Most people look at me funny when I tell them that my son’s hearing loss diagnosis was the best thing that ever happened to us. Typical responses when I talk about my son’s hearing loss range from, “Poor guy, that’s terrible,” to “That’s so sad.” Very few say, “Wow, you must have been so relieved.” The ones who do are most likely parents of special needs children who have gone through their own diagnoses. They understand the calm that is in the center of a diagnosis.
As parents we are programmed to action. We want to take away our child’s hurt, to make everything better. The road to my son’s diagnosis had been frustrating. We were repeatedly told by people with medical degrees that he was fine; that he was simply a late talker. He was a boy and a second child at that. There was no need to worry about his delayed speech it would come when he was ready. When our audiologist told us that our three year old son would need hearing aids and intensive speech therapy, we finally had something to hang onto as parents.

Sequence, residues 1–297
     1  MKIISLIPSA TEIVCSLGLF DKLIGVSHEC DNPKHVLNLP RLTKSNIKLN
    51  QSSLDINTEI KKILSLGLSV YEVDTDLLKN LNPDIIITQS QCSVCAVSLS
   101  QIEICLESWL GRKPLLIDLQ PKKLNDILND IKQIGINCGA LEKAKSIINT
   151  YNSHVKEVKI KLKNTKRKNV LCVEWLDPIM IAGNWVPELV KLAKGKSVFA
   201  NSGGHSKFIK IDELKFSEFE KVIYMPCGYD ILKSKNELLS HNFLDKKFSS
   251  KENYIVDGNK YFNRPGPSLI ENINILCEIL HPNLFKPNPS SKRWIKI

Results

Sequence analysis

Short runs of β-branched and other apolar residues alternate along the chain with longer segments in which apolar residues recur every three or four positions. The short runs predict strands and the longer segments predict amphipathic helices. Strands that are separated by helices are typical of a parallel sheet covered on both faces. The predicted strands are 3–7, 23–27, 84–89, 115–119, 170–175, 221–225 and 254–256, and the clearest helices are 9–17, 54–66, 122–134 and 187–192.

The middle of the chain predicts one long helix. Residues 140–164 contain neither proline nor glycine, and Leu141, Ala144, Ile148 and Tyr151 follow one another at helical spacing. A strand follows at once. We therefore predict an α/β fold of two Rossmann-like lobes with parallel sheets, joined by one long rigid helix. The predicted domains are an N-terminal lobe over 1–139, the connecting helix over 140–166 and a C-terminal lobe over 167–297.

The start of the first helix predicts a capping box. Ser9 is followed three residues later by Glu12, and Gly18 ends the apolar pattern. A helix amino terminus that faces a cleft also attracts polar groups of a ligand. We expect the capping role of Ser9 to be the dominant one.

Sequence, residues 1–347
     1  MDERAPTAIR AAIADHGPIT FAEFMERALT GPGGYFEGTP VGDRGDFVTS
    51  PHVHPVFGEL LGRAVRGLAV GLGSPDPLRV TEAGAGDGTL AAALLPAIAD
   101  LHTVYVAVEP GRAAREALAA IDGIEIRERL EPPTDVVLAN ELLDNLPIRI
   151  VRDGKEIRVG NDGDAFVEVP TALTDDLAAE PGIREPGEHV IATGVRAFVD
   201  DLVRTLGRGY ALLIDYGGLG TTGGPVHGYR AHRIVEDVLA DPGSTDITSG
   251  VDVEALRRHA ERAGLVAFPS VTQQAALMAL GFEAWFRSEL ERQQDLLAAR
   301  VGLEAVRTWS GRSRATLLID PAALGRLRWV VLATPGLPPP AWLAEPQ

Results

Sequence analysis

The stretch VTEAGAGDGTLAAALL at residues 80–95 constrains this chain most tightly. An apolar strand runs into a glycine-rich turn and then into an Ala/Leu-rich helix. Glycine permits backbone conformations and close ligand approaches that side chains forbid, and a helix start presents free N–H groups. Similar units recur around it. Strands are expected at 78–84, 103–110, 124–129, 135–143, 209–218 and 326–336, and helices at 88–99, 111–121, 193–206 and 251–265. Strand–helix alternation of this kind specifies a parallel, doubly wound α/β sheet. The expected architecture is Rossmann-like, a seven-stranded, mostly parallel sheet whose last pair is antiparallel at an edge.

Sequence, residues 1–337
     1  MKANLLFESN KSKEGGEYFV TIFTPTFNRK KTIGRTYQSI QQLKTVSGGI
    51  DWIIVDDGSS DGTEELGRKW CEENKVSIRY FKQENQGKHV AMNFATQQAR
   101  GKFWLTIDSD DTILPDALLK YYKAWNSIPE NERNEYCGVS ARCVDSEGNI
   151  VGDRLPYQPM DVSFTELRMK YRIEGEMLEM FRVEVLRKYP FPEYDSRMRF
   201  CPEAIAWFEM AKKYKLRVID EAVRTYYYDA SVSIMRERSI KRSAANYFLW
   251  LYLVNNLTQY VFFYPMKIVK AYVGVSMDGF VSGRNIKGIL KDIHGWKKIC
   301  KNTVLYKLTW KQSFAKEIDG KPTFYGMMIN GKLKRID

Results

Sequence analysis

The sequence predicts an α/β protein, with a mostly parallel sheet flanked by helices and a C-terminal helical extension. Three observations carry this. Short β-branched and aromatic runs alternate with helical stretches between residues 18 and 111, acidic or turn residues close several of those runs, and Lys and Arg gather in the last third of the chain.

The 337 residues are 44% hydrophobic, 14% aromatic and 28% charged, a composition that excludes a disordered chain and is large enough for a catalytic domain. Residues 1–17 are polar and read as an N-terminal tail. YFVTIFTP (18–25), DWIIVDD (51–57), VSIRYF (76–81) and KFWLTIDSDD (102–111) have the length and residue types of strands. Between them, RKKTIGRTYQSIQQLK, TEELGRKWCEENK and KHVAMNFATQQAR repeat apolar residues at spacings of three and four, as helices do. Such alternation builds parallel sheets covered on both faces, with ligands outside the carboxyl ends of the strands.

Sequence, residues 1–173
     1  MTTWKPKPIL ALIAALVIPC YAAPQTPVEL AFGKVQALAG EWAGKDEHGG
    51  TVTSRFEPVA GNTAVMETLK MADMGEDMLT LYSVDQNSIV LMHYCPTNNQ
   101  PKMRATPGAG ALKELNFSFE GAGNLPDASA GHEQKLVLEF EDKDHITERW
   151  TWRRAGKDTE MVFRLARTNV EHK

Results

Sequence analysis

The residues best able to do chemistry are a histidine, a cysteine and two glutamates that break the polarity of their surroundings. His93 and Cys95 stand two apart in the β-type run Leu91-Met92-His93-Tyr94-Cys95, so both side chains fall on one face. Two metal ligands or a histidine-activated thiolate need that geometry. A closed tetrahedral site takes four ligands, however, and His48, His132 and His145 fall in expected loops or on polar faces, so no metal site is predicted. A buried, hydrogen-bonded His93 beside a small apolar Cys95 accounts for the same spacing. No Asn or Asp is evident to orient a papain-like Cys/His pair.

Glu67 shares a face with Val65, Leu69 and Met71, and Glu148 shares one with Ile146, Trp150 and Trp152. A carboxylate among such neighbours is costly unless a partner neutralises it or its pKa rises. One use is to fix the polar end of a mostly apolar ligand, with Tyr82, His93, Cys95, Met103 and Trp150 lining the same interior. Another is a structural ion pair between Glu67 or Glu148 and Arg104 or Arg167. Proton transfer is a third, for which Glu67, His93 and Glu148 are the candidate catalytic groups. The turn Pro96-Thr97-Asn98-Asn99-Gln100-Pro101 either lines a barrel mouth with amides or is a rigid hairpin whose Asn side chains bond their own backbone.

Not to say that his diagnosis wasn’t emotional. Of course my husband and I cried. Our minds focused on of all sorts of worst case scenario moments about what this new reality meant. I went into my son’s hearing test thinking we would receive a referral to a speech-language therapist, and within a few sessions my son would be talking. Oh how naive we were…
But I also look back at his diagnosis as a celebratory moment in the life of my family. The diagnosis gave us something concrete to deal with and brought an overwhelming sense of relief. It brought specialists into our lives and the support my son needed. Someone had finally stood up and named the obvious, that my son’s speech and communication skills were severely delayed and that something was not quite “right.”
The diagnosis brought us a way to move forward.